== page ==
Photo

In his opening argument, Kevin R. Steele, the Montgomery County district attorney, told the jury that Mr. Cosby had paid Andrea Constand $3.38 million as part of a 2006 settlement of her lawsuit against him.

Credit
Lucas Jackson/Agence France-Presse — Getty Images

“You will have an understanding of a common plan, scheme or design of the defendant,” Mr. Steele told the jurors Monday. “And when this happened with Andrea Constand, there was no mistake.”

One of the additional accusers who prosecutors plan to call is Janice Dickinson, the former supermodel, who said Mr. Cosby drugged and raped her in Lake Tahoe in 1982.

The testimony of Ms. Constand, 44, will still be central to the retrial — as it was in the first trial. The defense, which will present its opening statement Tuesday, will almost certainly question why she maintained contact with Mr. Cosby after the encounter and ask why she took a year to come forward to police, both issues raised at the first trial.

In an opening statement of more than an hour, Mr. Steele appeared determined to undercut any credibility issues, mentioning how Ms. Constand only sued Mr. Cosby after prosecutors more than a decade ago declined to bring charges. The current charges were brought after the investigation was reopened in 2015.

The prosecution had some of Mr. Cosby’s prior statements projected onto a screen, including his acknowledgment that on the night of their encounter he had given Ms. Constand three pills — “three friends” he called them — to help her relax without telling her what the pills were, as well as a later admission to her mother that he had digitally penetrated Ms. Constand. Mr. Cosby has said the pills were Benadryl and the sex was consensual.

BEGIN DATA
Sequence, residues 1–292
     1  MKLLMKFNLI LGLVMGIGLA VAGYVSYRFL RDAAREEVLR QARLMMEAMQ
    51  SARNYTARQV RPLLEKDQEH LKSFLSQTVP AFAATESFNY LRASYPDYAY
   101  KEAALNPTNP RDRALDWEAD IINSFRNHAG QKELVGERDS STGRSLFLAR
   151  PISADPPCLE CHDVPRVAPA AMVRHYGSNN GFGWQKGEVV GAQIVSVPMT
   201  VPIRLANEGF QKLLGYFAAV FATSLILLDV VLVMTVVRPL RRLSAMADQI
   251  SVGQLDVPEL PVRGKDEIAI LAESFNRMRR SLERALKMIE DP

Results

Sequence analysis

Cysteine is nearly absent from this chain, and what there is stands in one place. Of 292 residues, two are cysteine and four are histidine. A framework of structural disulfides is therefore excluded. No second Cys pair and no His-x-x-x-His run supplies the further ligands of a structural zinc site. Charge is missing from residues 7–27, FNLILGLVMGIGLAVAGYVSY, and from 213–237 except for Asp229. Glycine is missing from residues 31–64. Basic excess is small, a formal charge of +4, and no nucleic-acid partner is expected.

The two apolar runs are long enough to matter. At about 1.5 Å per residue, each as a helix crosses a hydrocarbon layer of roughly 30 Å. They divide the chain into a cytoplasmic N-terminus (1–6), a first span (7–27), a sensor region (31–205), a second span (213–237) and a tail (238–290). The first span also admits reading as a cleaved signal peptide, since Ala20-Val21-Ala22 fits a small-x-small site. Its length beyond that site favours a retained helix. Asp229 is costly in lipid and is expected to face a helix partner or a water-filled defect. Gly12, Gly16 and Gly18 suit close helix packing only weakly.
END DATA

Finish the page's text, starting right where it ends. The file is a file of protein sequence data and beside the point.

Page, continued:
The start of the proceedings had been delayed for several hours as Judge O’Neill reviewed a motion by Mr. Cosby’s lawyers to dismiss a juror who, they said, had told another prospective juror last week that he thought Mr. Cosby was guilty. Judge O’Neill decided the juror could remain, though he did not disclose his reasoning.

Mr. Cosby’s entry to the courthouse was briefly delayed in the morning by the protest of a topless woman, later identified as Nicolle Rochelle, a former actress who had appeared several times on “The Cosby Show.” She jumped over a crowd barrier outside the courthouse and yelled “Women’s lives matter” before being wrestled to the ground by courthouse deputies about ten yards in front of Mr. Cosby as he walked toward the building’s front doors.

Photo

Nicolle Rochelle, a protester, was detained outside the Montgomery County Courthouse in Norristown, Pa.

Credit
Corey Perrine/Associated Press

Ms. Rochelle, 38, of Little Falls, N.J. had written on her torso the names of some of the women who have accused Mr. Cosby of assault. Mr. Cosby, wearing a dark suit and using a cane, was guided toward a side entrance instead.

In an interview after her arrest on disorderly conduct charges, Ms. Rochelle said she is a performing artist and activist who now lives in Paris.

“I wanted to get as close to him as possible without touching him,” she said. “It was a peaceful demonstration but I wanted him to feel uncomfortable.”

She had appeared on “The Cosby Show” in the early 1990s when she was 12 years old in a part as a friend of Mr. Cosby’s daughter on the show, Rudy. She said that nothing inappropriate had happened on the set with Mr. Cosby, whom she said she liked as a young actress.